What if I told you there’s a teensy little digital year-end fundraising tweak that your nonprofit could use to skyrocket your fundraising results? Would that be of interest?
First let’s look at a typical Donation Landing Page with a call to action via some compelling text, maybe a photo, and a big, bold “Donate” button. Hopefully you’ve optimized it for mobile too. And, no matter what device your donor uses to access the page, they’re able to complete their gift with no more than two clicks.
Check, check, check, check and check.
You’re well on the way to getting some nice traction for your campaign.
But… don’t stop there!
Because you can significantly boost your results if you add one simple thing.
I like to think of it as “the force.”
It’s not a light saber, but it’s similarly luminous.
It’s called a…
Alternatively, it’s called a splash page (because when someone visits your website it ‘splashes’ up onto their screen with an important message). It’s a form-based box that literally “lights up” the screen to shine a light on whatever message is your SMIT (single most important thing) at that point in time. Some folks also call this a shadow box, pop-up, or high-jacking.
Wait… you say you don’t like ‘pop-ups?’ It’s not about what you like. It’s about what works. And they do work. Per Sumo, an average pop-up converts visitors to buyers at 3.09%, and the best around 9.28%. With 100 site visitors a day, that’s an extra 92 – 274 conversions per month. Nothing to sniff at.
At the end of the calendar year, usually your message will be a donation call-to-action. It usually pops up the first time folks come to you for the period for which you set it up – perhaps once per day during the four to six weeks you’re running your year-end campaign. The best advice I’ve heard is if your visitor dismisses the popup, don’t show it to her again for at least a week.
Again, you or your leaders might find them annoying. But they work. And they work especially well for targeted campaigns like the end of the calendar year. Your conversion rate from prospect to donor goes up with a light box because more people will see your call-to-action. They can’t help but notice it, because you’ve put it right in their faces. I first used one when working at a food bank, and it increased online donations during that period by almost 30%. It may or may not work for you, but it’s worth testing.
Note: You’ll probably want to disable popups on mobile devices. Not all mobile devices can handle popups… and not all popups can handle mobile devices.
For an easy year-end fundraising tweak, a light box can remind folks:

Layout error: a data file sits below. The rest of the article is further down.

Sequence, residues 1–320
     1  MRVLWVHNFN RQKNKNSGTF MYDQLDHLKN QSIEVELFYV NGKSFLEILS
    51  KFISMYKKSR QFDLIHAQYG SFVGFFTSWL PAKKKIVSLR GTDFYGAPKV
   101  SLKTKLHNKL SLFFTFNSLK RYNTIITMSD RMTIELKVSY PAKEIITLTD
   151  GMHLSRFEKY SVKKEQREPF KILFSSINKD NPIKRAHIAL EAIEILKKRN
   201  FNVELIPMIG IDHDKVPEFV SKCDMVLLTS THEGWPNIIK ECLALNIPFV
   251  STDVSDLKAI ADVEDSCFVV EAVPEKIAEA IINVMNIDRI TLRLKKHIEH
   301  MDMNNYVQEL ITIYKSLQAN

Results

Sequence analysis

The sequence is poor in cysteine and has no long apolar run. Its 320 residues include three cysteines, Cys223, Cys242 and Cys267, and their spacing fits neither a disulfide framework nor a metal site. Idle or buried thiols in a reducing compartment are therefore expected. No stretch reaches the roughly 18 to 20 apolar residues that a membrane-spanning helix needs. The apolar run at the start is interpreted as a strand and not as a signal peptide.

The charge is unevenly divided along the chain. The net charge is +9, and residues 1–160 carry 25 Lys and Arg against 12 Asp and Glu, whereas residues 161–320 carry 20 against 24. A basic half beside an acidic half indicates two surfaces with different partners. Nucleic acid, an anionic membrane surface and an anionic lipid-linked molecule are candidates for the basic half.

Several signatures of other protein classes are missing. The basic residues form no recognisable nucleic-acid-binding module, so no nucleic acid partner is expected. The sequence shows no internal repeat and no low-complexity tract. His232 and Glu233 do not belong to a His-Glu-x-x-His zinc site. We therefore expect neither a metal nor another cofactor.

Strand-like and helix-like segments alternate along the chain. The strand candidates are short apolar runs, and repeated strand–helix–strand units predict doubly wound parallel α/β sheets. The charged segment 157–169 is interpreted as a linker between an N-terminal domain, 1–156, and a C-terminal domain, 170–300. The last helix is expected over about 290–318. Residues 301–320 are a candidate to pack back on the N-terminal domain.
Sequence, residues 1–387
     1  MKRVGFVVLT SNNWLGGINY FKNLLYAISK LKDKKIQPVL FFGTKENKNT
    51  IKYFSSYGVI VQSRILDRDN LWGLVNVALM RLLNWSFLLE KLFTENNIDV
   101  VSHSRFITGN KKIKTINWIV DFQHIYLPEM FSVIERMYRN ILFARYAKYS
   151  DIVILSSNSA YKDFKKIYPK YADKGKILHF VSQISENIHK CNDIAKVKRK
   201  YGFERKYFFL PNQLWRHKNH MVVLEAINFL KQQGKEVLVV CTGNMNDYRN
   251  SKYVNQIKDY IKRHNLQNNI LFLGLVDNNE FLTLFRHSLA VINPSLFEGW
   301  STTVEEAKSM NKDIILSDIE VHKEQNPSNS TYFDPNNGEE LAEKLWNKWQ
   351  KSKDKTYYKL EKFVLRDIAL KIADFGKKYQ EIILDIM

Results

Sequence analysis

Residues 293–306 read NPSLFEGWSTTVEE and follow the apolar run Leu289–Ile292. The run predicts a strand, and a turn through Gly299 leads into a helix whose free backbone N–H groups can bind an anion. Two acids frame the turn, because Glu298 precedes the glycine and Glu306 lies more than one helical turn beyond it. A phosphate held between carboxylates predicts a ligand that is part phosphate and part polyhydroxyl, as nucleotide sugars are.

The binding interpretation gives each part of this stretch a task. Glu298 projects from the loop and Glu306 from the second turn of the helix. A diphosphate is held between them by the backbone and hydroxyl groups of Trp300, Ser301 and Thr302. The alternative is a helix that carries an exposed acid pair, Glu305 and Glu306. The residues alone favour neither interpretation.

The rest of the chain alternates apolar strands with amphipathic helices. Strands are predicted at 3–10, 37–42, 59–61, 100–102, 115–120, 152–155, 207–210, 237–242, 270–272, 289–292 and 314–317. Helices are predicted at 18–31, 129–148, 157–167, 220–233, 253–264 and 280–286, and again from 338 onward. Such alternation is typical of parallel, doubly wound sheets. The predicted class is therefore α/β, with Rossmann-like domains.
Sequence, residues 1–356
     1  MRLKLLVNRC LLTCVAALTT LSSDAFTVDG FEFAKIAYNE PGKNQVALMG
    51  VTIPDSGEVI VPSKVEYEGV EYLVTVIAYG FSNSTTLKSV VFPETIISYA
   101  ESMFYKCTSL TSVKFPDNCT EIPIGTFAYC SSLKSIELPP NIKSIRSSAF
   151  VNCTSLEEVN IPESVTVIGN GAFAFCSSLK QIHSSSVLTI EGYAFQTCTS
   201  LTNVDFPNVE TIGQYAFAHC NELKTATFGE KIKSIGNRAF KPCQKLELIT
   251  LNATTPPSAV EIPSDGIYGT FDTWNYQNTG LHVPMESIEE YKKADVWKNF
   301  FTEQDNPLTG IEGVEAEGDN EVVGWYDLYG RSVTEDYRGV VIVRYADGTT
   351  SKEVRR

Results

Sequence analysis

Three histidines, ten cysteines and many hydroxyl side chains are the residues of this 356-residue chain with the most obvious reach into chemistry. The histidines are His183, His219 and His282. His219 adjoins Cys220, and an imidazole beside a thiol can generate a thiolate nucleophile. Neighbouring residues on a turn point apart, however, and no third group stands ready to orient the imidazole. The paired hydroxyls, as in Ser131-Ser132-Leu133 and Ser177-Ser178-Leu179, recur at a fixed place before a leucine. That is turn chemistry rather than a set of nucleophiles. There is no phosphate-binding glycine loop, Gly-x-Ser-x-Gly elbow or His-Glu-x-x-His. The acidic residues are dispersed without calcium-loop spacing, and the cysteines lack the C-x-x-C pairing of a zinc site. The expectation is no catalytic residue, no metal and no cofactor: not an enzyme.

- The deadline for calendar year donations is fast approaching.
- The deadline to double your money through our challenge grant is fast approaching.
- Now is your opportunity to create your own fundraising page to help us raise holiday gifts.
- Make your GivingTuesday commitment here.
And so forth.
But before your donor gets to the Light Box – or anywhere else on your website – they have to have begun their journey towards you somewhere else.
The Donor Journey Toward Your Donation Page
Either the donor was looking for you, or you were looking for them.
In the former case, they may have been searching to help with a cause like yours. They typed into their browser “local veteran’s relief,” “national cancer research,” “undocumented immigrant rights,” or “guide dogs in Mariposa County.” Your organization came up [because you’ve done a great job with search engine optimization (SEO)], and they were taken to your home page. Or maybe to a particular program page. Or even to your donation page.
In the latter case, you promoted your services or campaign via email or social media, or they saw an ad you placed on Google, and they clicked on a link that took them to your website.
However your prospective donor gets to you, ideally you take them to the page most likely to help them find what they’re looking for. If they’re considering philanthropy (and that happens more frequently at the end of the calendar year than just about any other time), you want to get them to your donation landing page as quickly as possible.
Here’s where a Light Box can create some donor-friendly efficiency.
Because when they arrive on your website, wherever they arrive, the Light Box pops up and lets them know if they’re there to donate they can do so quickly and simply by clicking on the link in the Light Box. If they’re interested in services, or something else, they can simply close the box and continue on their journey.
Have You Ever Had Trouble Trying to Make a Donation?
I certainly have!
Sometimes the “donate” button is hard to find.
Sometimes once you get to the Donation Landing Page, you find it directs you to a multitude of different pages – and it’s often unclear which one you should click on. For example, you may be given options such as:
- Ways to Give
- Annual Campaign
- Legacy Giving
- Monthly Giving
- Special Events
- Start Your Fund
- Memorial Giving
- Matching Gifts
You click on several, trying to find the form you seek. The one that lets you enter in a dollar amount and credit card. It should be so simple. But…